The summer before I turned ten years old, I was riding on my grandparents’ pontoon boat on Weiss Lake in Cherokee County, Alabama, just over the Georgia state line, as I did most of the summers of my youth. My grandfather was steering the boat, wide-brimmed boat hat flopping in the wind, while my grandmother sat with me in the back bench seat, an array of towels covering the faux leather.
The radio on the Party Barge was stubborn and often took a few knocks to get it working again, but there was always undoubtedly a country music radio station crackling through the speakers. That day, a song came on with this wild fiddle and a heart-pumping story about a boy named Johnny defeating the devil.
“Who’s that?” I asked my grandmother, in awe of the song.
“That’s Charlie Daniels,” my grandfather yelled from the captain’s seat.
That little girl who was fearless in her adventures but didn’t have the heart to hook a minnow surely had no idea then that she would one day be sitting across from that same Charlie Daniels, telling stories and marveling at not only his capacity to still perform that wild fiddle at 82 years old, but also at his incredible generosity. Our chat and his story are captured on page 32 in the feature, “Charlie Daniels went down to Georgia but left the devil behind.”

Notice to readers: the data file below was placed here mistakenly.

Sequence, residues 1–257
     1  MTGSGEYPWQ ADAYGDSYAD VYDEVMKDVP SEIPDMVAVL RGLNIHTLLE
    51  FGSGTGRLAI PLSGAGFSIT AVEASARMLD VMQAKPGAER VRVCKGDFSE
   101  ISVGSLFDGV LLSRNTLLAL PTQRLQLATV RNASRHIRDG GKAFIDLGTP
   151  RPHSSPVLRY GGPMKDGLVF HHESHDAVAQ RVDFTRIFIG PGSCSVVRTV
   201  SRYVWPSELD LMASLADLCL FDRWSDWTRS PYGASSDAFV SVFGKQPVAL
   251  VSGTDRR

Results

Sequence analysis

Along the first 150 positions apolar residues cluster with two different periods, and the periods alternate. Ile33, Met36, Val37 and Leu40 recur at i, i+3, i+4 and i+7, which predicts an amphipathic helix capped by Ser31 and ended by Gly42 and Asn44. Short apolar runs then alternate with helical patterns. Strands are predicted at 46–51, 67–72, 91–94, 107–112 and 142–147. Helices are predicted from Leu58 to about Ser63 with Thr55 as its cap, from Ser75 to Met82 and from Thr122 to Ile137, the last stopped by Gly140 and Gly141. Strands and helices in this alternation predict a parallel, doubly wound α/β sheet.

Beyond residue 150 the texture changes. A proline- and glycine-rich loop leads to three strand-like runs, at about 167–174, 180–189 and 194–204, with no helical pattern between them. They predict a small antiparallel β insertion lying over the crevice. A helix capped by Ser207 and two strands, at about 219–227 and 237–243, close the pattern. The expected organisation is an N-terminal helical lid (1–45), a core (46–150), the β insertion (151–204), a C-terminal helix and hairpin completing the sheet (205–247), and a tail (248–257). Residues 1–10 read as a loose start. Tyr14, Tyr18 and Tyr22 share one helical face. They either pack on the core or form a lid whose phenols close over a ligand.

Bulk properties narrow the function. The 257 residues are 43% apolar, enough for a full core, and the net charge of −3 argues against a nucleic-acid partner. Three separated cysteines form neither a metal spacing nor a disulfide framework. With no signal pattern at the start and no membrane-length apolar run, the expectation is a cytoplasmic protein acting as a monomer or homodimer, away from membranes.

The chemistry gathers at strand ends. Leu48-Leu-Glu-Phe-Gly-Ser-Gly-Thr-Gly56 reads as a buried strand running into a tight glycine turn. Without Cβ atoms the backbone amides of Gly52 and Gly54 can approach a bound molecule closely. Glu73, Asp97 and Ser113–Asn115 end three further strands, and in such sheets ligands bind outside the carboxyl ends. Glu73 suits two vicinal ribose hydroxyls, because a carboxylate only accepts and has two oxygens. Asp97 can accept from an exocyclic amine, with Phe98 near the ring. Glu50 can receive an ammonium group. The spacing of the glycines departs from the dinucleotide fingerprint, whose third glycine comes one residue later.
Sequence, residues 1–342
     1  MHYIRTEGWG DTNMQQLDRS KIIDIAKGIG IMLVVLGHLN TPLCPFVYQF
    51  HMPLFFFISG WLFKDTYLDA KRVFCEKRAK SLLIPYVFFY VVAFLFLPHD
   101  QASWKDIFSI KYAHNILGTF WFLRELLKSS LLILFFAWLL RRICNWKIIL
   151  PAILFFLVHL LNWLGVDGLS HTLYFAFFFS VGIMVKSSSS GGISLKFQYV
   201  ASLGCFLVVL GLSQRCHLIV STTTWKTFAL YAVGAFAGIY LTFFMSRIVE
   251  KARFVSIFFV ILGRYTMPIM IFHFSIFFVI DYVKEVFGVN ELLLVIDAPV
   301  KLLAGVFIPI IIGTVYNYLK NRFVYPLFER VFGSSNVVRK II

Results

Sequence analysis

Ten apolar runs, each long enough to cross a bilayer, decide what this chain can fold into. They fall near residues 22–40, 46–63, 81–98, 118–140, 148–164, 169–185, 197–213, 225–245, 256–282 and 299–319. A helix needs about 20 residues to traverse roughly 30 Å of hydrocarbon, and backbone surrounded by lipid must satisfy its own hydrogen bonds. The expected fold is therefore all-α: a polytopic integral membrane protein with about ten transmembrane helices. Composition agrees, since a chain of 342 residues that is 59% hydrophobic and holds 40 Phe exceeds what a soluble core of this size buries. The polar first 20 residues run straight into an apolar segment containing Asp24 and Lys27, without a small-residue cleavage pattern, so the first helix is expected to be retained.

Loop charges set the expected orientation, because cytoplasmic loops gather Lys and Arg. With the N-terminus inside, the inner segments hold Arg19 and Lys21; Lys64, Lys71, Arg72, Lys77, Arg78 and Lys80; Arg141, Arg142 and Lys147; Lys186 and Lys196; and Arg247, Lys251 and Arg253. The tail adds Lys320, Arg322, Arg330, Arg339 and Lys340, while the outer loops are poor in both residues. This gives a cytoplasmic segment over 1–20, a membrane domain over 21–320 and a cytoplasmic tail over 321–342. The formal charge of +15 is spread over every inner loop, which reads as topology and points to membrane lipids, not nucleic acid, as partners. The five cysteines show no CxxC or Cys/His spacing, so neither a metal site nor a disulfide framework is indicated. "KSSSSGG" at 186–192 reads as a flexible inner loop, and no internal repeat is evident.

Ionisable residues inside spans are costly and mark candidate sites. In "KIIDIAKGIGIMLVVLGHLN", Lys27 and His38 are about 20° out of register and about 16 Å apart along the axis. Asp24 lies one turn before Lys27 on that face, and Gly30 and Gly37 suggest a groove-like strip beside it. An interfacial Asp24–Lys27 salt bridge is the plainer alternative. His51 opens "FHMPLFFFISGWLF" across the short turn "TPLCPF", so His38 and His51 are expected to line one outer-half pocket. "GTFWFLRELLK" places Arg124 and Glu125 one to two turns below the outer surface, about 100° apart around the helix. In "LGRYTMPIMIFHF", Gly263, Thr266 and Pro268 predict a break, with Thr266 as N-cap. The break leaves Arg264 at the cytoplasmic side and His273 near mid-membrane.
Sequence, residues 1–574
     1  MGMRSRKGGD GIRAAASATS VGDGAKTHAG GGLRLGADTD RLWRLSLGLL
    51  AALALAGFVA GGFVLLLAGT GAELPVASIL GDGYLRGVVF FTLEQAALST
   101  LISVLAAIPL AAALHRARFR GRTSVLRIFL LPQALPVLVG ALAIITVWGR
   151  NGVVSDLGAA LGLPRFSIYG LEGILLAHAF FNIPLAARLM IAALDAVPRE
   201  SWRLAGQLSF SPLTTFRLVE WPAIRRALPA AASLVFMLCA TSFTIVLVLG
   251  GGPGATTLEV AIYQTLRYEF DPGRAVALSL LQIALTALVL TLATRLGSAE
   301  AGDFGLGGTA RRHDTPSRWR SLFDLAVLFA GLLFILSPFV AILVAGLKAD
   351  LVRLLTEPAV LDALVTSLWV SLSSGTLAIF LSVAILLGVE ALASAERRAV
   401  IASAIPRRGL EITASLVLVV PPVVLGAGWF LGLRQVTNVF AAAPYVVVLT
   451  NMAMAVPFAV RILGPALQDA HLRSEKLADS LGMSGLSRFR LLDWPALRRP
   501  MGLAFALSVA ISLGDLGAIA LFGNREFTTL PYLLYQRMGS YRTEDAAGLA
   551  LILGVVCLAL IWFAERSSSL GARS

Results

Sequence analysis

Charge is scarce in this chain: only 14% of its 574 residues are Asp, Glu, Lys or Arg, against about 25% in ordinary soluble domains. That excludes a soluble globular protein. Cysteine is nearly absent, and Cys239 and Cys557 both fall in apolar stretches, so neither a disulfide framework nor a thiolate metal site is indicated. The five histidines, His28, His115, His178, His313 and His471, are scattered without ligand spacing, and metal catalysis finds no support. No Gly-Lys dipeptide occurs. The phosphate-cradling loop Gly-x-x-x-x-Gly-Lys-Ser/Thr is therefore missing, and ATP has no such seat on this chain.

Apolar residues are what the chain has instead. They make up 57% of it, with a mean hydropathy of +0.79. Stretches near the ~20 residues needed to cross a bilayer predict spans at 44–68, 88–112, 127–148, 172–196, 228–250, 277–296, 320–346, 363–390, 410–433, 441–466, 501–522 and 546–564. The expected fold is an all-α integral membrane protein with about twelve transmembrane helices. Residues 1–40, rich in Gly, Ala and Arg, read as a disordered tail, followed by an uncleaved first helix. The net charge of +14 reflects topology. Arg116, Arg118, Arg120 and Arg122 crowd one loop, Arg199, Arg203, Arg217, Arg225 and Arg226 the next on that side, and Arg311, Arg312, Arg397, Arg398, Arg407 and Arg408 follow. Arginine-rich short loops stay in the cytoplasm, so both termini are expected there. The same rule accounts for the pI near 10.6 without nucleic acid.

I hope when you read about the country music legend and the amazing charities he supported during his visit to Georgia in April, you’ll be inspired to also use your passions to support others.
And maybe you or your children will be sitting on a pontoon boat this summer, listening to the radio and dream a little bigger when you’re asked the question, “Who’s that?”